Scholarships

Scholarships are grants-in-aid money that do not need to be repaid. Scholarships are awarded by colleges for outstanding academic achievement, through private organizations, local fraternal groups or clubs, and other community organizations. All students, not just seniors, are encouraged to apply for all scholarships for which they are eligible. Check the scholarship listings in Naviance, check out scholarship books from the College and Career Readiness Center (or your local library), visit the suggested websites on the scholarship webpage, and be sure to apply for your school’s scholarship application.

College Bound Scholarship

The College Bound Scholarship was established by the Legislature in 2007. The purpose of the program is to provide state funded financial aid to low-income students who may not consider college a possibility because of the cost. Eligibility for the scholarship is a two part process.

First, students whose families are income-eligible must submit a complete application during grade 7 or 8, and no later than June 30 of their eighth grade year. Second, students must complete the scholarship pledge requirements and meet income-eligibility guidelines as determined by colleges using data from the student’s FAFSA or WASFA in their senior year of high school.
*The scholarship covers tuition (at comparable public colleges), some fees, and a small book allowance.
More information can be found by clicking here.

 

Washington College Grant

The new, nationally recognized Washington College Grant (formerly the State Need Grant) makes education and training beyond high school affordable. More families are eligible, and more programs and types of credentials are included. 

For 2019-20, eligible students had a household income less than 70 percent of the state's median family income (MFI). Beginning in 2020-21, more low- and middle-income families will qualify. An eligible student from a family of four making around $50,000 or less per year would receive a full award. Partial grants are available for families making up to the state’s median family income, around $97,000 per year.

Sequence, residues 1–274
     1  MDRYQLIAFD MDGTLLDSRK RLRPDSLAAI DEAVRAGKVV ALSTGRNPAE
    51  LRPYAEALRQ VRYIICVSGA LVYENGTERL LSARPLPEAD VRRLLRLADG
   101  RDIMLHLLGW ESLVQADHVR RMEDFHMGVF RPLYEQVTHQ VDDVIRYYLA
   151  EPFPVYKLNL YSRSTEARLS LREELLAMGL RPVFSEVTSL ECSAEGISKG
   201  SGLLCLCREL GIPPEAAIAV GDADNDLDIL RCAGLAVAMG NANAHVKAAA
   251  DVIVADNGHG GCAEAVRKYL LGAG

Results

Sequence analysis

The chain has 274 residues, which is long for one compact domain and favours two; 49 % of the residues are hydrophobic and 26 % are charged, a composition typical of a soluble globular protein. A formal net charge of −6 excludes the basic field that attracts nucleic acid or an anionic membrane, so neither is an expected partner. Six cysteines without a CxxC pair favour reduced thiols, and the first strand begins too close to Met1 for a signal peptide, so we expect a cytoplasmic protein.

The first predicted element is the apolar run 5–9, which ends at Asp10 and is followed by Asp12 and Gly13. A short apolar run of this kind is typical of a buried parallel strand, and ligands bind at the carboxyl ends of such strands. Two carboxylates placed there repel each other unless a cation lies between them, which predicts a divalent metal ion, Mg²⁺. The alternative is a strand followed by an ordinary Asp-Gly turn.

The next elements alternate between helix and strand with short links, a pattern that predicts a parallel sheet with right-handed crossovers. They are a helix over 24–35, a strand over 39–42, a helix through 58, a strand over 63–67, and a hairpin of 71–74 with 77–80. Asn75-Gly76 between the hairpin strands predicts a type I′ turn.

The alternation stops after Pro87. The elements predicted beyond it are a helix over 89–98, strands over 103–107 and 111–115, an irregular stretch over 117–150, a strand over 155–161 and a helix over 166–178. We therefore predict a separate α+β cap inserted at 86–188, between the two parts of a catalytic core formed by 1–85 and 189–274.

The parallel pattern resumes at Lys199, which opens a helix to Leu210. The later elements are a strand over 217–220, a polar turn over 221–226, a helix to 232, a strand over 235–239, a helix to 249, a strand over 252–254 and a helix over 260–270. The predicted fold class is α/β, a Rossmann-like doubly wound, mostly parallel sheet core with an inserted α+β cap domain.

The program will also expand to provide support for apprenticeships. You will be considered for the WA College Grant after completing the FAFSA.

 

Other Forms of Financial Aid

One of the best sources of financial aid is the college you plan to attend. Do not be afraid to contact the financial aid officer to inquire about college costs and possible forms of aid. When you receive an aid package, keep in mind that the award was put together to give all applicants the best chance of meeting each individual’s need.

 

The offers will always vary from school to school. You should not look to compare the aid package dollar for dollar because each college has a different pool of money to work with and different considerations. Use the information to make the best decision for you and your family.

 

Western Undergraduate Exchange (WUE)

The Western Undergraduate Exchange (WUE) program provides students in the western states the opportunity to enroll in many two-year and four-year college programs at a reduced tuition equal to 150% of the college’s resident tuition. Students interested in the WUE program should apply for admission directly to the institution to be considered for the WUE program.

 

Eligibility requirements for WUE vary across institutions, and not all public college and universities in the WUE region offer WUE scholarships. The following states are participants in the WUE program: Alaska, Arizona, Colorado, Hawai’i, Idaho, Montana, Nevada, New Mexico, North Dakota, Oregon, South Dakota, Utah, Washington and Wyoming.

 

Almost all undergraduate programs are available to a WUE student, however some colleges may designate only certain fields of study.